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5. Battle Between the truth and falsehood

15. Battle of the Ditch

18. Operations Against Banu Sa'ad

24. Campaign Against Banu Tai

36. Ali's Oration on the Death of Abu Bakr

43. Defiance of Muawiyah

48. Ayesha's Occupation of Basra

53. The Battle of the Camel

59. In Quest of Peace with Muawiyah

63. Months of Suspense

72. Revolt of Khurrit Bin Rashid

92. Sayings of Ali

Ali won the Battle of the Camel. As a result of this victory, Ali's caliphate came to be acknowledged by the entire Muslim world except Syria. From the victory of Basra the victory of Damascus could have been one step but that was not to be. Basra could not become a stepping stone to further conquests. In the long run, Ali's victory over Basra proved to be rave elusive than real. The carnage in Basra had been heavy. Almost every family to whichever side they belonged lost one or more dear ones. Though the people took the oath of allegiance to Ali but they did not feel happy. General discontentment continued to smolder in the hearts of the people. In normal circumstances, Ali's victory of Basra should have strengthened his position, and overawed those who were still opposed to him. Things however did not turn that way. If peace could have been made at Basra, and Talha and Zubair had acknowledged the caliphate of Ali, the position of Ali would have been strengthened. The death of Talha and Zubair, as subsequent events showed worked to the advantage of Muawiyah. If they had been alive, Muawiyah was bound to contend against three rivals, Ali, Talha and Zubair. After the Battle of Basra he had to contend against Ali alone, and this was something in his favor. Heretofore Muawiyah had contented himself with cold war. He had abstained from taking to arms for he was afraid that such rebellion against established authority was likely to be looked by the Muslims with disfavor. The Battle of Basra sanctioned the use of the sword as an arbiter in the matter of succession to the caliphate. It provided an argument to Muawiyah that if the people of Basra could fight against Ali, so could the people of Syria.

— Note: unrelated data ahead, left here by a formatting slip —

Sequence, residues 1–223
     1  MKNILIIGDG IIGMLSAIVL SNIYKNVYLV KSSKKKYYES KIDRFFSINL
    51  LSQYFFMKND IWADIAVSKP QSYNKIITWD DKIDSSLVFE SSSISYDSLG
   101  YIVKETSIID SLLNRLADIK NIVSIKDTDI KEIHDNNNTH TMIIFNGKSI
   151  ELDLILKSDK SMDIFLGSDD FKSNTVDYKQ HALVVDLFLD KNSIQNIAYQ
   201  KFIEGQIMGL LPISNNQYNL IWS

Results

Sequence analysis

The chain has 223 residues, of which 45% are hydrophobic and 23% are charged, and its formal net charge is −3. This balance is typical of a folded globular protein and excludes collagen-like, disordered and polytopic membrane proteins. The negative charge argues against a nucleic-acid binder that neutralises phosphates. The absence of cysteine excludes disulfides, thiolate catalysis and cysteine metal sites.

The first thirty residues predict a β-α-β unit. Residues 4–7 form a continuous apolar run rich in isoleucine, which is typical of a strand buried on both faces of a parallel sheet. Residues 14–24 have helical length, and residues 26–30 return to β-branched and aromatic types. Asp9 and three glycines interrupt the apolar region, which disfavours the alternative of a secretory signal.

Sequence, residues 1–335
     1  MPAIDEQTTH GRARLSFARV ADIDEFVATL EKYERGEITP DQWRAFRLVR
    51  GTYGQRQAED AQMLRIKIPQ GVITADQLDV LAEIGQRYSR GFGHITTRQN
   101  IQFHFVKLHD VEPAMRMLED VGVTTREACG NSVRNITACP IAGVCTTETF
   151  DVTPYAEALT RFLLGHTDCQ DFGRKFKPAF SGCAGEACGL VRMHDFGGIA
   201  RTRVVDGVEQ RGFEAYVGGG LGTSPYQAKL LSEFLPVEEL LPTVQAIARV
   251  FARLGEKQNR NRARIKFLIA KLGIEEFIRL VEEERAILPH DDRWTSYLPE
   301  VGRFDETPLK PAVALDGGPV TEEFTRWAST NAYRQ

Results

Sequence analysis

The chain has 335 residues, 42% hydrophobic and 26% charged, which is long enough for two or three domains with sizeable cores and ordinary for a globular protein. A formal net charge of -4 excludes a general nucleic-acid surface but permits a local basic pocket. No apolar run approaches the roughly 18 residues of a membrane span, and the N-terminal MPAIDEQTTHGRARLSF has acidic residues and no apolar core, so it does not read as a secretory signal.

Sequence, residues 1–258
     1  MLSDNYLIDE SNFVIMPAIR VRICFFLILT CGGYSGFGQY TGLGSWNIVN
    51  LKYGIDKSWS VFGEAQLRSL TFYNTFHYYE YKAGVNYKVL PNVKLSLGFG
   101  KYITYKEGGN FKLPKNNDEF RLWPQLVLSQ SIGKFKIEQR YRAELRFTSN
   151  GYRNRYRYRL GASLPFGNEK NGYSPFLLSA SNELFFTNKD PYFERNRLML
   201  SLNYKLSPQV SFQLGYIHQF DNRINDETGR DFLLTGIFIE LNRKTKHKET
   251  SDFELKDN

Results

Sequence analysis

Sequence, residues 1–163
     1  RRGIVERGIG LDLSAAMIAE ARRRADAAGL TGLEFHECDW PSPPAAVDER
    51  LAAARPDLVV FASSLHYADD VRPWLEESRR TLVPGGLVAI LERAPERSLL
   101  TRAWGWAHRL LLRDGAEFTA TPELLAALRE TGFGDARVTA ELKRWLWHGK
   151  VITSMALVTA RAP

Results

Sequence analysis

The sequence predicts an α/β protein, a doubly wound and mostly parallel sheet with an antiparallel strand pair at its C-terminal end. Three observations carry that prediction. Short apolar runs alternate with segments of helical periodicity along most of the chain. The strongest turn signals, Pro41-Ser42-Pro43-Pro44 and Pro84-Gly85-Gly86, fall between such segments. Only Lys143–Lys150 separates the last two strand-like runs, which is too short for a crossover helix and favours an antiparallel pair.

The victory of Basra instead of proving a source of strength for Ali, proved in the long run to be a source of weakness. Most of the people had joined Ali in the hope that as in other wars they would amass wealth by plundering the defeated people. When Ali forbade such plunder, that led to discontentment, and those who had participated in the battle came to feel that nothing was to be gained by fighting for Ali. That created difficulties for Ali in recruiting men to fight against Muawiyah.

The Battle of Basra was indeed precipitated by the regicides much against the wishes of Ali. The victory of Basra made the regicides more powerful. That led to very embarrassing results for Ali. In Basra, Ayesha had executed all the regicides of Basra. That provided an argument to Muawiyah and other enemies of Ali, that he was involved in the murder of Othman for he had taken no action against the regicides and was instead protecting them.

As the peace parleys at Basra before the outbreak of the battle showed, Ali did want to take action against the regicides of Kufa as Ayesha had taken action against the regicides of Basra. Subsequent developments however made things difficult for Ali. These people, rebellious by nature, became a source of great headache for Ali. When Ali appointed his cousin Abdullah b Abbas as the Governor of Basra, these men viewed the appointment critically and said, "If every Caliph is to appoint his relatives as the Governors, why did we kill the old man Othman?" As with the passage of time the crisis deepened, those people progressively gained in power and importance, and Ali in spite of all his valor, integrity, and other notable qualities became a virtual prisoner in the hands of those "rebels". The Battle of Basra has cast a fatal shadow across the history of Islam. It was the first civil war between the Muslims, and it set the unfortunate precedent for the Muslims to fight among themselves to seek some secular end. The Battle of the Camel served as a prelude to the massacre of Karbala a generation later. The argument of Yazid was that if Ali could take to the sword to assert his right to the caliphate, so could he when most of the people had in fact taken the oath of allegiance to him. If the people of Basra were rebels, and Ali was justified in military action against them, thus he was justified in taking action against Imam Husain who had rebelled against his authority.